There are plenty of reasons to be skeptical of casino developments in general, but the traffic issue for a downtown casino isn’t one of them.
I attended last night’s gala opening of the Springfield Symphony’s seventieth season which meant I was unable to attend the Springfield Falcon’s first home game of the season at the MassMutual Center. There were a few empty seats but not many at Symphony Hall so I would estimate that around 2,000 people were in attendance for the 7:30 concert, and the Falcons had over 5,500 people in the arena for the drop of the puck at 7:05. That makes for over 7,500 people streaming into the downtown within a very narrow window of time.
My wife and I made our way, walking, down to Court Square just before 7 p.m. and the streets were buzzing with cars and the sidewalks with people. Like a city should be I would say. There didn’t seem to be any delays on any of the streets or at any of the intersections for motor vehicles passing through. I’ve actually seen this scenario play out dozens of times: a concert at Symphony Hall, a game at the MassMutual Center even with the addition of a play at CityStage and something going on at the Paramount as well, not to mention the estimated 10,000 people a night who visit Worthington Street on a Saturday night…and no traffic tie-ups, no gridlock, just a modern American city’s streets accommodating American people motoring to their various destinations on a weekend evening. The truth is even these numbers don’t compare to the traffic the city handles every weekday morning and afternoon as many thousand more workers drive into then out of the downtown.
The idea that the potential for as many as 10,000 more visitors a day, spread out over the hours and hours and hours that gamblers and others will arrive to visit a new casino complex downtown, whose games and shops don’t require the participants to arrive at a time certain, would cause traffic issues is idiotic. I could see the few opening weekend nights being chaotic, but that is hardly a good reason to question that location. As a matter of fact the downtown road system is, not surprisingly, perfect for handling just the type of traffic flows a new development downtown would bring. These roads were built to accommodate thousands of people accessing hundreds of destinations every day of the week. Interstate 91 and Interstate 291 provide the main points of access to the downtown, but there are a dozen or more other roads which also provide access from the north, south, east and west. Over 150,000 people live here, and tens of thousands more work here.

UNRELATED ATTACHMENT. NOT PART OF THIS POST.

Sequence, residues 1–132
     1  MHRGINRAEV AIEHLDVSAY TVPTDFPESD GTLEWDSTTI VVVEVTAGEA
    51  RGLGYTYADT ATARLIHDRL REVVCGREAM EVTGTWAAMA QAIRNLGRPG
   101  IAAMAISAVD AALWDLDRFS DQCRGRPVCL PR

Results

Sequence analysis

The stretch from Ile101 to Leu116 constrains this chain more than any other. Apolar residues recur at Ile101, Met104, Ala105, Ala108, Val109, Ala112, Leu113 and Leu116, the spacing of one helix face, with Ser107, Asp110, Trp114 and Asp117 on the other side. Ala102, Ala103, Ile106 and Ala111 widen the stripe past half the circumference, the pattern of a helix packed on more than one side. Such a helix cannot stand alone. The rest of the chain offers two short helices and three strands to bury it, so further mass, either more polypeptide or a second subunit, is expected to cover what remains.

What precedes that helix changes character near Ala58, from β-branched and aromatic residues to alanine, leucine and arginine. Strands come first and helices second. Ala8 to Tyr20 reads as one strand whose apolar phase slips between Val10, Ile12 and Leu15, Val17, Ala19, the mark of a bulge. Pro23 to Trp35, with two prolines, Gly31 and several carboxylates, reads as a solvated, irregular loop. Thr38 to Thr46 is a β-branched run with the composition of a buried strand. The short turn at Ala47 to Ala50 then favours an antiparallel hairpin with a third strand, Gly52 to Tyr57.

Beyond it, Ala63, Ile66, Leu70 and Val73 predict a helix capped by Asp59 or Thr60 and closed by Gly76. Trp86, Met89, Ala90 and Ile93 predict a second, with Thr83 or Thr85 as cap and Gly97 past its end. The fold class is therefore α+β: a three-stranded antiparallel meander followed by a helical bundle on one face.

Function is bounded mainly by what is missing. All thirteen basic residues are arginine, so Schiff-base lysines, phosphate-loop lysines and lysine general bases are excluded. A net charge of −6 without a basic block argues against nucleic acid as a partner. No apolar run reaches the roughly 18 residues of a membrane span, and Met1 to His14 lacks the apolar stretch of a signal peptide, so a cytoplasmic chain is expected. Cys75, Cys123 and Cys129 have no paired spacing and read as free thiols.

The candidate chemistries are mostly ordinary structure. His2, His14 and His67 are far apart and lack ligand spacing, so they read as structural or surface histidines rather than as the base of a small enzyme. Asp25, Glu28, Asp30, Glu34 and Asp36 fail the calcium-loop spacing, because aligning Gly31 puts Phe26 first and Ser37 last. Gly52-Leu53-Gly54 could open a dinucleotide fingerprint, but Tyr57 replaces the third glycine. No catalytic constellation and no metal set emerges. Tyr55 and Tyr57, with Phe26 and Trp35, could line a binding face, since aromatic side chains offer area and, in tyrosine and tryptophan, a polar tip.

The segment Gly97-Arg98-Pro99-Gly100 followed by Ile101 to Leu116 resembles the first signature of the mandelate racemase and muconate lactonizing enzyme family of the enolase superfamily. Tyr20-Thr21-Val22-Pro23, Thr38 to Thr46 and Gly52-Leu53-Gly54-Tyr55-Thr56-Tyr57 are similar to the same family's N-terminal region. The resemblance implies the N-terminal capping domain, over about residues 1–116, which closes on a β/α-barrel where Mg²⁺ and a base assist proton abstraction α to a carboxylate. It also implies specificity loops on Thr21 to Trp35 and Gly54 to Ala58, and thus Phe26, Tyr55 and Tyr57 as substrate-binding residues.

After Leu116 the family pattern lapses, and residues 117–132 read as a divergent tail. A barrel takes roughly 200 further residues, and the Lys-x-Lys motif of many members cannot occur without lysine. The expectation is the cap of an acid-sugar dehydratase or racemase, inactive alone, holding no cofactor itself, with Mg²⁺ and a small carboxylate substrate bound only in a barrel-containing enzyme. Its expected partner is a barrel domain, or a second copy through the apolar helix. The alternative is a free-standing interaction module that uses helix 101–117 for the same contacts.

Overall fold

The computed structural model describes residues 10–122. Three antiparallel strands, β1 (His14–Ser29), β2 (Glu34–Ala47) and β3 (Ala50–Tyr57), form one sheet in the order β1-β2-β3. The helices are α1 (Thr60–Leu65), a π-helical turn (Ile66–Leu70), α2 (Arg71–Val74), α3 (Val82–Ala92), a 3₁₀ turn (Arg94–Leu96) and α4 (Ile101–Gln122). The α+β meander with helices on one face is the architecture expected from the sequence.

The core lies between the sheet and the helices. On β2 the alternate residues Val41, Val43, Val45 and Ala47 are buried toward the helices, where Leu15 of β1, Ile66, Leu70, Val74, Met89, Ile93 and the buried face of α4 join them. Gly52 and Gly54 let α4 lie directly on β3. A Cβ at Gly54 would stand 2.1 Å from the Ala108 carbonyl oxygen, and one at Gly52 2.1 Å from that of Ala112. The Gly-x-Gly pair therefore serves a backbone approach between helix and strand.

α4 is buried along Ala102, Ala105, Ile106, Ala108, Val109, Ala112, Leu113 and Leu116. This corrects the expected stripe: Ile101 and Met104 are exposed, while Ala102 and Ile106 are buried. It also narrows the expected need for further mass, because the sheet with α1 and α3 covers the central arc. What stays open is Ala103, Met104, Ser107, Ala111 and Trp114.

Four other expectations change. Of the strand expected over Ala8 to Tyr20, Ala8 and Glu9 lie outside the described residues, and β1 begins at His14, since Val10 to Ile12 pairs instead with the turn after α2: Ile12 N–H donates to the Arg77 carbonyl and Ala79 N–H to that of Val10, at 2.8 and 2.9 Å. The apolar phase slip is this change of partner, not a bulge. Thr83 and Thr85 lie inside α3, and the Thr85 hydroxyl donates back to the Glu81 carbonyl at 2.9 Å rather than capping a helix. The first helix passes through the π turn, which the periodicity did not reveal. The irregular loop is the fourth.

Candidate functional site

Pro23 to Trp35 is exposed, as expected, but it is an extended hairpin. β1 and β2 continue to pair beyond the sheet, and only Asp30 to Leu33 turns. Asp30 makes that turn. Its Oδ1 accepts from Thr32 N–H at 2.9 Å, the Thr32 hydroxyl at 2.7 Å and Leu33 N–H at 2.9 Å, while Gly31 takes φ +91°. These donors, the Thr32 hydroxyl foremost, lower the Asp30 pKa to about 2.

The other option for a casino in western Massachusetts is Palmer. Palmer is a community of under 13,000 people. Unlike the grid of streets developed over centuries in downtown Springfield, the location in Palmer where Mohegan Sun wants to put a billion dollar development designed to attract up to 10,000 people a day is set on a real choke point. There is one exit off the interstate from the east and the west, and one state road which both the east and west exits give access to. There is no grid system whatsoever along which traffic could be dispersed and while, just as in Springfield, it is very unlikely that all “10,000 people a day” would show up at once, this road system has never had to accommodate this volume of automobile traffic and it won’t be able to without major upgrades to the road system.